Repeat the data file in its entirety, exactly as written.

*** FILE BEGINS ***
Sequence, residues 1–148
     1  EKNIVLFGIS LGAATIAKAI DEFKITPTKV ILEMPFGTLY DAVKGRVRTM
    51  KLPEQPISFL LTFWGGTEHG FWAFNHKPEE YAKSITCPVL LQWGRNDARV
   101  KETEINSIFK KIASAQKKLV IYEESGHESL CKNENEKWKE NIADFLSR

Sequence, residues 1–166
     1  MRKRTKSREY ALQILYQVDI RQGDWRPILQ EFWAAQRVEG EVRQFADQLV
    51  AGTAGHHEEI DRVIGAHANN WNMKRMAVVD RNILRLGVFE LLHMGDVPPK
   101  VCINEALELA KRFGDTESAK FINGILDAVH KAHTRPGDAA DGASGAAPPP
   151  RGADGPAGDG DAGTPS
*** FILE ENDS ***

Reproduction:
Sequence, residues 1–148
     1  EKNIVLFGIS LGAATIAKAI DEFKITPTKV ILEMPFGTLY DAVKGRVRTM
    51  KLPEQPISFL LTFWGGTEHG FWAFNHKPEE YAKSITCPVL LQWGRNDARV
   101  KETEINSIFK KIASAQKKLV IYEESGHESL CKNENEKWKE NIADFLSR

Sequence, residues 1–166
     1  MRKRTKSREY ALQILYQVDI RQGDWRPILQ EFWAAQRVEG EVRQFADQLV
    51  AGTAGHHEEI DRVIGAHANN WNMKRMAVVD RNILRLGVFE LLHMGDVPPK
   101  VCINEALELA KRFGDTESAK FINGILDAVH KAHTRPGDAA DGASGAAPPP
   151  RGADGPAGDG DAGTPS